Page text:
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ongus O’Keeffe, who is orginally from Limerick city, first started working in community development by getting involved in rural development in the west of Ireland. “I then went to work for Trocaire in Sierra Leone in West Africa where I got a good grasp of some of the issues surrounding social impact by engaging with social issues in the country. I moved to Northern Ireland about six years ago. “I am currently the Programme Leader for the Inspiring Impact programme in Northern Ireland. Community Evaluation NI (CENI) is contracted by the Building Change Trust to deliver the programme. I was hired by CENI to lead it and to drive it forward. “The programme is currently funded up to the end of 2017 but it has a longterm vision to support the sector until 2020 at the very least. “Our vision is to transform the community/voluntary sector and how it goes about demonstrating the impact of its work. We trying to shift organisations from doing lots of stuff and not really reflecting on the difference that they are making to helping them to be more strategic and reflective.” I asked Aongus what successes he had witnessed

“I think there has been a gradual shift in thinking, both in the sector and across government. A number of organisations that we support are using Inspiring Impact to help them think more strategically and shift how they do things.” What obstacles and difficulties has the Inspiring Impact programme encountered? “Many,” he replied. “It's a new way of thinking that is trying to get organisations to be more reflective. It can get technical. We want people to think about how are they helping to improve people's lives. “Many organisations do have a strategic vision but too often it is a box-ticking exercise and mission drift can take them away from their vision. Also the pressures of financially surviving means that they will do what they have to do to get funding. “Two organisations who have used our process, Community Development Health Network and Sported, have both secured funding as a result of their work being more strategically focused on impact and outcomes. “Any organisation that joins the Inspiring Impact programme, in a way, is signing up for a lifetime process. It will transform how their organisations works. We are funding seven organisations at present.”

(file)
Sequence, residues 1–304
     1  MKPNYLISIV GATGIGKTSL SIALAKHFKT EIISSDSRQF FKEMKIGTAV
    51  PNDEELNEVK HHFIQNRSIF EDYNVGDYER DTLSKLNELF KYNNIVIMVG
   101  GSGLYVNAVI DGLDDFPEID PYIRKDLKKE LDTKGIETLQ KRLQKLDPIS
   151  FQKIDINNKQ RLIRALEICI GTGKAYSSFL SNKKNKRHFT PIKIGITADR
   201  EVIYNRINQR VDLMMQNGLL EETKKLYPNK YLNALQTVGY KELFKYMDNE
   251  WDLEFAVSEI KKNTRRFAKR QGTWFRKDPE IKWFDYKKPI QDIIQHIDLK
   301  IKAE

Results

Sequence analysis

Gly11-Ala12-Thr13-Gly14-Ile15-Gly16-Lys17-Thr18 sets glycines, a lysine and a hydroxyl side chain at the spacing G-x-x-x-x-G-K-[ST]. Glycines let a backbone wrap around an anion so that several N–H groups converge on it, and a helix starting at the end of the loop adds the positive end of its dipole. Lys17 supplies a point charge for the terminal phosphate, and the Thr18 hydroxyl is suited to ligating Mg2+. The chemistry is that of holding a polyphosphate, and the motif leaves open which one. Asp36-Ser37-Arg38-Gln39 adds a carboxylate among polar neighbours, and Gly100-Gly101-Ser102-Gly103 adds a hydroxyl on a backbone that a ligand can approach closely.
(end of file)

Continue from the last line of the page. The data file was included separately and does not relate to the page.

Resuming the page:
Champion of change